Wind and solar continue rapid growth, help cut Australia’s grid emissions

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The growth of wind and solar continued in Australia during the month of September, playing the key role in reducing emissions from Australia’s main grid.

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The growth of wind and solar continued in Australia during the month of September, and the new additions are clearly playing the key role in reducing emissions from Australia’s main grid – despite some noisy myth–and-mischief-making from the political right.

The monthly National Emissions Audit, produced by energy analyst Hugh Saddler on behalf of The Australia Institute, highlights a couple of key points in the latest month’s survey.

Firstly, is the ongoing growth of wind and solar and their rising share of grid generation. This graph below shows that wind and solar now account for more than 14 per cent of total generation, and will continue to grow as yet more large scale solar farms, which really only made a splash from the middle of 2016, are connected to the grid.

Including hydro, which varies according to season, need and – more recently – the levels of water in dams, the total share of renewable energy remained around 22 per cent. It didn’t grow much in the last month because hydro output fell, offsetting the gains from wind and solar.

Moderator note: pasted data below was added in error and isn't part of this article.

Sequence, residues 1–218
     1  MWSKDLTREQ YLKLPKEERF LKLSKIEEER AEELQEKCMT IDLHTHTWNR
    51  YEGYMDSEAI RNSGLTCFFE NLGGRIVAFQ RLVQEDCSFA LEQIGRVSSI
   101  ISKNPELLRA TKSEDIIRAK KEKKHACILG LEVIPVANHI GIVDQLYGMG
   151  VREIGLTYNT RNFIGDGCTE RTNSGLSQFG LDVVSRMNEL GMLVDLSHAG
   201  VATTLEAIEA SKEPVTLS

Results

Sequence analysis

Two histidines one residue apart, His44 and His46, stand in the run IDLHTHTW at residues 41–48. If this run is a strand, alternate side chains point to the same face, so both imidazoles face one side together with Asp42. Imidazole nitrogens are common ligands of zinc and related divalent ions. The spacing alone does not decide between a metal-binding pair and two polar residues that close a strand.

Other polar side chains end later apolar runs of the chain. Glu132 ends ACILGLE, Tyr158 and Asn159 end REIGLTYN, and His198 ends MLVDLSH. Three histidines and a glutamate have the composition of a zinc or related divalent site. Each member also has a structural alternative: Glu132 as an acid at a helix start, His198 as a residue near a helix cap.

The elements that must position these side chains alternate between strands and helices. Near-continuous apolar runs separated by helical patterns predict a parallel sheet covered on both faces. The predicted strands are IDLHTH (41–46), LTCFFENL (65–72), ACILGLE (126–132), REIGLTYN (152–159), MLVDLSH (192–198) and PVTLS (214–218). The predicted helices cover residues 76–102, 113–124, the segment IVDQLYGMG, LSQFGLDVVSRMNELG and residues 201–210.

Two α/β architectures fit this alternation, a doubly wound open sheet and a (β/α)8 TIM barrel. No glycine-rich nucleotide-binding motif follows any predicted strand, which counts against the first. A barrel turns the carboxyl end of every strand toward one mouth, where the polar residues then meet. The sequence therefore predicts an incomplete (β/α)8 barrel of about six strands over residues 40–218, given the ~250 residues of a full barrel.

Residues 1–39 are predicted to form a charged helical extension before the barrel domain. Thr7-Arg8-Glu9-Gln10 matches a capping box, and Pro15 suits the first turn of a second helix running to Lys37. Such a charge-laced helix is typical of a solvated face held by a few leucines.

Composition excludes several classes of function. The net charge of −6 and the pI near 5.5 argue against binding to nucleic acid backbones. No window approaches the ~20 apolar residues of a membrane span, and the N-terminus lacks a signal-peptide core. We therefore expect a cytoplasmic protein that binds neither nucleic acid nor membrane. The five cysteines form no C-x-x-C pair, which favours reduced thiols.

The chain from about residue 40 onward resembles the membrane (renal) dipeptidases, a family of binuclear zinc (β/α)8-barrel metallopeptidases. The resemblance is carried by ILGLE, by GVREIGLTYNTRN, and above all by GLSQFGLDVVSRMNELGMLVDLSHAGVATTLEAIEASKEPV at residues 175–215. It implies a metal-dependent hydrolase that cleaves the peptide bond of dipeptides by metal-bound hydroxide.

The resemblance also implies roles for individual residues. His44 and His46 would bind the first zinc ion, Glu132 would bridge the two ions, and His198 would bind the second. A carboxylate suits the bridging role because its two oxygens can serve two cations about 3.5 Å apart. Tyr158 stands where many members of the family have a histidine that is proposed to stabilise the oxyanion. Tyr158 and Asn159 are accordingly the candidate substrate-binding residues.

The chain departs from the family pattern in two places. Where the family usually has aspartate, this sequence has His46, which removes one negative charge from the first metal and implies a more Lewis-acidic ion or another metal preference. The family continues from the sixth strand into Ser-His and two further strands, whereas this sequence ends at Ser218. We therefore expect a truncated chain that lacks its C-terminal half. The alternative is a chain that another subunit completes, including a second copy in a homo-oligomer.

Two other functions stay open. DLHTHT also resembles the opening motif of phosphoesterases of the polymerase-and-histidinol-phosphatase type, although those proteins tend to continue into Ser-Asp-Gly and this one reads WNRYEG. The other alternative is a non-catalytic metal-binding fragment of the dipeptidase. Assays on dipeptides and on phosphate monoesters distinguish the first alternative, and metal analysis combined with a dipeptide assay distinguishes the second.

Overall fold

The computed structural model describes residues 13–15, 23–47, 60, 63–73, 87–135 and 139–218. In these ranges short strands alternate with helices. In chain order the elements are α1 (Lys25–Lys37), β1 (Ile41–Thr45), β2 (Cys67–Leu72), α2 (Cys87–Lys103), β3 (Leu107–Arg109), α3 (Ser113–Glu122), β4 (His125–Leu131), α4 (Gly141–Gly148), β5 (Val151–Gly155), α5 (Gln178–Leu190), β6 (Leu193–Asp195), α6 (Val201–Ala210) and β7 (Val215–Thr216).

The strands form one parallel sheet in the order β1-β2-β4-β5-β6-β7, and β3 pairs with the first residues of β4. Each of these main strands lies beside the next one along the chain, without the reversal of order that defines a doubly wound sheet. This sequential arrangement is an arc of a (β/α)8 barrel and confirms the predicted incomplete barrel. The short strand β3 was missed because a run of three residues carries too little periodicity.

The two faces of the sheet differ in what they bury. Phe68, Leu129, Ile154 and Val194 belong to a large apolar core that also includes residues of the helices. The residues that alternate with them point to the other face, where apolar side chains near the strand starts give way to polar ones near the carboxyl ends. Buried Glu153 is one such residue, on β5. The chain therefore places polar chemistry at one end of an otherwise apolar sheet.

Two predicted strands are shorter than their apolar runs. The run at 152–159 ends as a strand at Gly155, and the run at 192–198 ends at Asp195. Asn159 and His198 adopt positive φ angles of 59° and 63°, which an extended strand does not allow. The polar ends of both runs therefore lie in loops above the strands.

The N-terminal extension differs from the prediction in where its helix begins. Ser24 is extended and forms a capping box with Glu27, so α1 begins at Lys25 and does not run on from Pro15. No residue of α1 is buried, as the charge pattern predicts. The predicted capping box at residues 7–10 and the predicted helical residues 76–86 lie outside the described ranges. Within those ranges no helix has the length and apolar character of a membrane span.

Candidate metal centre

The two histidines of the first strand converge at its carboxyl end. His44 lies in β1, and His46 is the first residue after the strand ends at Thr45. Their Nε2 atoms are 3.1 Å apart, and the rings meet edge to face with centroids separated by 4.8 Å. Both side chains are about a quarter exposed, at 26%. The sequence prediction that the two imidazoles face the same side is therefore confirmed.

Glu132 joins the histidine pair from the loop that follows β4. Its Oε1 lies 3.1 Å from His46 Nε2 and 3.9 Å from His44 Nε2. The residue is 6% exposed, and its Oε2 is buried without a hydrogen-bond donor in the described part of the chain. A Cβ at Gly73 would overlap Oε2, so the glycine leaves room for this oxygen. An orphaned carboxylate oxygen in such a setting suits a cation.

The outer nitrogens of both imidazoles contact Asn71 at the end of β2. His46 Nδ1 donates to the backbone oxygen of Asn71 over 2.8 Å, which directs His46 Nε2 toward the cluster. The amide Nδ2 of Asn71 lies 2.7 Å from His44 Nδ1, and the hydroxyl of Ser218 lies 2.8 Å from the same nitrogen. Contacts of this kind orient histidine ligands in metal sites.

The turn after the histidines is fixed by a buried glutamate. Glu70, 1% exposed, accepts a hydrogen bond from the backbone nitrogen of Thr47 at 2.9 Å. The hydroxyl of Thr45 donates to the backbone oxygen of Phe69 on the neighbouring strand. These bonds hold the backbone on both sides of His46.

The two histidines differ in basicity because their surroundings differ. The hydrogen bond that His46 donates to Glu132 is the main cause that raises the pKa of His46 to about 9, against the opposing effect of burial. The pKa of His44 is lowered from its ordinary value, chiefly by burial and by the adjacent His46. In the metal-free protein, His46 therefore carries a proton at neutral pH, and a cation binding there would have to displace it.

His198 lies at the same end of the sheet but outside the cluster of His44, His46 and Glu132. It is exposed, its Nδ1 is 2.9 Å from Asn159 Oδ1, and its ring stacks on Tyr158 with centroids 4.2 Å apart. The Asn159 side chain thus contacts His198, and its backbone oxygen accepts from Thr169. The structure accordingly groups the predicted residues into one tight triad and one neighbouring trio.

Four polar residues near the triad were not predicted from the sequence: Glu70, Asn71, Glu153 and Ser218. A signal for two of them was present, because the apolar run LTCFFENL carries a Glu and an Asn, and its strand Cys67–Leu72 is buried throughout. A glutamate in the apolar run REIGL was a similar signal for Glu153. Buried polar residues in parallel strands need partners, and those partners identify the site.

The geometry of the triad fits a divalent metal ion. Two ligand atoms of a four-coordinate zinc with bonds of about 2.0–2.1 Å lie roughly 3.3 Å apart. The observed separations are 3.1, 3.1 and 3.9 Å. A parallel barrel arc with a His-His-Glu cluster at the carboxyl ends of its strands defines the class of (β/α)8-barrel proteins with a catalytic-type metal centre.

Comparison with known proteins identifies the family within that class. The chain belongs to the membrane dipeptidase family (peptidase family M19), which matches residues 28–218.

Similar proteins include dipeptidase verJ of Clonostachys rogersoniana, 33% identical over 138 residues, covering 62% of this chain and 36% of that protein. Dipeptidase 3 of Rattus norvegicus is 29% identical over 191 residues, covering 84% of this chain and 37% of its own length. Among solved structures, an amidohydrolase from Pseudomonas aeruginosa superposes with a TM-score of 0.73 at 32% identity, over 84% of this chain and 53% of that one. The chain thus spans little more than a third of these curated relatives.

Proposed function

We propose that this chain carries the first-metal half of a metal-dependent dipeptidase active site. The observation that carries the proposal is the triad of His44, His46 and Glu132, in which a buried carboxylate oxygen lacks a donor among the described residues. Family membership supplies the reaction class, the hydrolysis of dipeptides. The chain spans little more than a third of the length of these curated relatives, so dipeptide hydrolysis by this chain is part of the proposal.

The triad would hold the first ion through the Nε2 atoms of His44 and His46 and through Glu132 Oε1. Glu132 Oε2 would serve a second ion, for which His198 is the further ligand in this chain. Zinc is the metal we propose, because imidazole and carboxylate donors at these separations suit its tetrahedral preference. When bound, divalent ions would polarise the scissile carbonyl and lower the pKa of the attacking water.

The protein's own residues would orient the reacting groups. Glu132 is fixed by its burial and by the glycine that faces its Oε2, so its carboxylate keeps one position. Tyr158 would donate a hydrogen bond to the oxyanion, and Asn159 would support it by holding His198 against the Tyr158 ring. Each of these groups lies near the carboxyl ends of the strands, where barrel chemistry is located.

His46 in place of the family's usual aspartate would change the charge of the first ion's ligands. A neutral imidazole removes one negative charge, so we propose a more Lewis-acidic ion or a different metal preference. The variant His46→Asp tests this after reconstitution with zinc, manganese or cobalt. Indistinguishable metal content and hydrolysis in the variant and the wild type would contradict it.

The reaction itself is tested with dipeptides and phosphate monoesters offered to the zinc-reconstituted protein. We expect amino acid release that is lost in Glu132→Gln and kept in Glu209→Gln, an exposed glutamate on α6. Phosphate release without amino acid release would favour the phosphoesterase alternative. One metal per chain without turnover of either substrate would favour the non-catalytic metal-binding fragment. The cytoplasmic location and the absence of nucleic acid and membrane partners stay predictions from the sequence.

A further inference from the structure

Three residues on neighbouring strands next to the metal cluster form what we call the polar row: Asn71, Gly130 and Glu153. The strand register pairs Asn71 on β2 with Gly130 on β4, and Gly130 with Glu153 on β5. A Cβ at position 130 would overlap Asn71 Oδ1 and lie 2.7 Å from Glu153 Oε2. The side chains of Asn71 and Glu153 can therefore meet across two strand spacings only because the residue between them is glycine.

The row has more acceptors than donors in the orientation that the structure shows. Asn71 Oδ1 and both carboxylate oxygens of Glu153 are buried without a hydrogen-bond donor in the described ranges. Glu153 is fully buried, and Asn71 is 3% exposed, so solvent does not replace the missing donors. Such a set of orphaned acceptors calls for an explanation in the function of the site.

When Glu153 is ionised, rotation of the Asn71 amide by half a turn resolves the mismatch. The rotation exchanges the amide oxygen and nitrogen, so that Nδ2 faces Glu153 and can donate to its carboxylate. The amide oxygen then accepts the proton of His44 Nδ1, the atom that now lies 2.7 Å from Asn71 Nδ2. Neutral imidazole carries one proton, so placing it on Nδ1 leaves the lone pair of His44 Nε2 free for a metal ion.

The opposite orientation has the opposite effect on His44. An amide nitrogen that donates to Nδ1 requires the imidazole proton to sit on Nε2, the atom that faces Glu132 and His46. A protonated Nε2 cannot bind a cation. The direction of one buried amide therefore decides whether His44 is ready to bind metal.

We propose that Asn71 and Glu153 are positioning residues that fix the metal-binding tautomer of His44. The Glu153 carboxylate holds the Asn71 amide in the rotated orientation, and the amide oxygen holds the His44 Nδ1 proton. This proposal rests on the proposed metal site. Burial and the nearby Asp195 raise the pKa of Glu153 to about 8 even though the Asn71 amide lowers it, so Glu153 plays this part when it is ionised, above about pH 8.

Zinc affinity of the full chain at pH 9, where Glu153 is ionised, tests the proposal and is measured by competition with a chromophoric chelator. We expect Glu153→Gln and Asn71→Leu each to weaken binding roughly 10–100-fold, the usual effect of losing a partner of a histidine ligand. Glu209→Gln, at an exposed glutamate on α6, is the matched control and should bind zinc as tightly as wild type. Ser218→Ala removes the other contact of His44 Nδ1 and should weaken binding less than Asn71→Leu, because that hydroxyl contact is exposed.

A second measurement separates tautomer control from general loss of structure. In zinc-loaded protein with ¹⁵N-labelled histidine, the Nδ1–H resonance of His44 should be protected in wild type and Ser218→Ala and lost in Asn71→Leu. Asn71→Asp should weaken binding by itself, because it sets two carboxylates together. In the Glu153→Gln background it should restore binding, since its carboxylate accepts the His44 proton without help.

But a new graph gives an interesting insight into what this is doing to emissions, and the role that is played by large scale renewables, rooftop solar and other factors such as lower demand and greater efficiency

Emissions from the main grid are now around 40 million tonnes lower than they were just over a decade ago. That’s not the result of less consumption, although that has fallen slightly despite the growth in popultation (and hence a sharp fall in consumption per capita (the blue line).

The biggest contribution has come from the lower grid emissions intensity. That, of course, comes from the addition of cleaner energy resources, which in this case is almost exclusively wind and solar, and because some ageing coal plants have exited as a result, and due to old age.

Rooftop solar also plays a key role, which is often forgotten in the debate about its role in the grid, and the cost of rebates. Those rebates are are a steadily declining one off event, but the rooftop solar will continue generating for at least two decades, in many cases three.

AEMO recently commented too on the impact of rooftop solar on emissions during the day, when it essentially forces out back coal and gas fired generation.

 

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